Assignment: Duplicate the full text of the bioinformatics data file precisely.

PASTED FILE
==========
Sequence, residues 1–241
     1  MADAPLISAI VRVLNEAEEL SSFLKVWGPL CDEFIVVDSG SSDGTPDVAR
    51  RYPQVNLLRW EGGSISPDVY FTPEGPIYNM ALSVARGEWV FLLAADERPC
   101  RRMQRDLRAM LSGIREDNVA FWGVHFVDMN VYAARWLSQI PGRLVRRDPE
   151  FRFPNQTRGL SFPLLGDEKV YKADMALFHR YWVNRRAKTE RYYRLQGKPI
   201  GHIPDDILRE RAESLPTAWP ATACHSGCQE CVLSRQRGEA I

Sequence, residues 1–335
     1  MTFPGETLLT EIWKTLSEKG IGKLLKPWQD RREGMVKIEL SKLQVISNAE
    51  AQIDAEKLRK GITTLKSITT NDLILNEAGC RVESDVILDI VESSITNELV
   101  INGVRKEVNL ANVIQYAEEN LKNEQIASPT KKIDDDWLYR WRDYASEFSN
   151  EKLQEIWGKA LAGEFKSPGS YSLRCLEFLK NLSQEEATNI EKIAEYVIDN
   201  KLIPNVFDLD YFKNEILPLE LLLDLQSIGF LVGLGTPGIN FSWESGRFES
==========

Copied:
Sequence, residues 1–241
     1  MADAPLISAI VRVLNEAEEL SSFLKVWGPL CDEFIVVDSG SSDGTPDVAR
    51  RYPQVNLLRW EGGSISPDVY FTPEGPIYNM ALSVARGEWV FLLAADERPC
   101  RRMQRDLRAM LSGIREDNVA FWGVHFVDMN VYAARWLSQI PGRLVRRDPE
   151  FRFPNQTRGL SFPLLGDEKV YKADMALFHR YWVNRRAKTE RYYRLQGKPI
   201  GHIPDDILRE RAESLPTAWP ATACHSGCQE CVLSRQRGEA I

Sequence, residues 1–335
     1  MTFPGETLLT EIWKTLSEKG IGKLLKPWQD RREGMVKIEL SKLQVISNAE
    51  AQIDAEKLRK GITTLKSITT NDLILNEAGC RVESDVILDI VESSITNELV
   101  INGVRKEVNL ANVIQYAEEN LKNEQIASPT KKIDDDWLYR WRDYASEFSN
   151  EKLQEIWGKA LAGEFKSPGS YSLRCLEFLK NLSQEEATNI EKIAEYVIDN
   201  KLIPNVFDLD YFKNEILPLE LLLDLQSIGF LVGLGTPGIN FSWESGRFES